| Dr. Hayes' 1877 report to Council | Back
is a transcription of an article published in the 26 Dec 1877 British
Canadian newspaper. Paragraph breaks were
inserted by the transcriber to break up long paragraphs.
The report of the Medical Superintendent was as follows: --
To the Warden and Members of the County Council, in Council assembled:
Gentlemen -- In submitting my report as Medical Superintendent of the County Goal and Poor House, I would state that the year just drawing to a close has been an eventful one in the history of the Poor House.
At the destruction of the buildings by fire, on the night of August 4th last, we lost seventeen of its inmates. Many of them were among the first admitted at the opening of the institution, who had become very aged and infirm; while others were mere children; but both alike helpless to escape from the terrible conflagration.
Several who did escape were badly burned and bruised, and were a long time recovering from their wounds.
After the fire the injured were conveyed to the County Coal, where one of the number, John Traviner, subsequently died from the effects of his burns. The rest recovered, but will bear the traces of their severe scorching to their graves.
On the 10th of October last, one of the inmates named McCarthy died in the temporary building from chronic inflammation of the stomach.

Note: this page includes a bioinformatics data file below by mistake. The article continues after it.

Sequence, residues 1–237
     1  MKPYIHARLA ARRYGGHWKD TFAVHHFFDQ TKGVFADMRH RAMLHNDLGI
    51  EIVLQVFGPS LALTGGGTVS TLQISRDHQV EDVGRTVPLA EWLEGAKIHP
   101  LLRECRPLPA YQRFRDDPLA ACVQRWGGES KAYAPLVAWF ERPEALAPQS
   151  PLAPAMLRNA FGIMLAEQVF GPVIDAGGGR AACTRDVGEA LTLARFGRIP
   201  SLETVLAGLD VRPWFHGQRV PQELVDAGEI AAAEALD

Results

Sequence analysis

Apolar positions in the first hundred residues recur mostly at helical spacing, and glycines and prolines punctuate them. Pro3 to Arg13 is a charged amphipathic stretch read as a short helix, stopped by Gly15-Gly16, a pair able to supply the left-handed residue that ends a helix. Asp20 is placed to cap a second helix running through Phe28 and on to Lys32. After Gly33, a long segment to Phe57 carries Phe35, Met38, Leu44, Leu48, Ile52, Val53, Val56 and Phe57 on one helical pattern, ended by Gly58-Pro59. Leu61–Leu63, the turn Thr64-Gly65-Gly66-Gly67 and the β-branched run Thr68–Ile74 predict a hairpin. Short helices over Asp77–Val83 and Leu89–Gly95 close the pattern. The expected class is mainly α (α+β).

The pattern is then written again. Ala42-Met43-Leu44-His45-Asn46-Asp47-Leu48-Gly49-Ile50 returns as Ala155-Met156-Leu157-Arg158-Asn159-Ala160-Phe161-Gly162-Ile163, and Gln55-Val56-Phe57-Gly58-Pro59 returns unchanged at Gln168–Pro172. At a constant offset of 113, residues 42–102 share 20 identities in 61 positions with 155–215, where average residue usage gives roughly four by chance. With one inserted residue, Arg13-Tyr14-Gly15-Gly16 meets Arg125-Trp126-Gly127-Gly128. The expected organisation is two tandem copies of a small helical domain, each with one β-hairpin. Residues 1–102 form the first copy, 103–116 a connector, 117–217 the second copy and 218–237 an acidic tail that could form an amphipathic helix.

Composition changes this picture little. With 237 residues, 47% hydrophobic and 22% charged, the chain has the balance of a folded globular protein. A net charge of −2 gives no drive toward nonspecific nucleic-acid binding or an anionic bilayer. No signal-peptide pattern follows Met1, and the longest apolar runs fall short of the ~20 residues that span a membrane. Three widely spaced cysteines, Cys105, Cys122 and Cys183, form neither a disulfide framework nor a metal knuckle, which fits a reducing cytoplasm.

Edward Damons, another inmate, who, owing to his feeble condition, had been removed to the Goal after the fire, died last month, after lingering a long time and suffering much from the infirmities of old age.
The girl, Jane Innes, who was employed as help for the matron, contracted a severe cold during the fire, which brought on an attack of Typhomalarial fever, under which she succumbed.
The matron, Mrs. Coleman, was afterwards also attacked by the same fever, but after a long illness recovered. Extra precautions were observed, and the disease thus prevented spreading amongst the inmates.
The temporary building in which the inmates are at present lodged, is totally unfit to be used much longer for the purpose, as it is a mere shed and impossible to be heated should severe cold weather set in.
I am not aware of the intention of your building committee, but in my opinion it would be unwise to take these old and infirm people into a newly plastered house in the middle of winter. No matter what precautions are taken, it is impossible to thoroughly dry the plastering and render it safe to live in.
There are several large homes vacant in Town at present, one of which I think could be procured for a moderate sum for the winter months and thereby run no risks in shortening the days of these old people by an attack of rheumatism or inflammation of the lungs.
In regard to the new building, which I had the pleasure of inspecting the other day, I would wish to suggest some alterations. I have never seen the plans of the house or I would have made these suggestions to the building committee.
At each end of the hall, down stairs, running east and west, a door is very desirable for the purpose of ventilation, and also to allow the inmates to get to the rear of the premises, otherwise, as at present planned, they must go out by the front door or through the kitchen. If a door is put at each end of this hall the whole interior of the building can be thoroughly ventilated.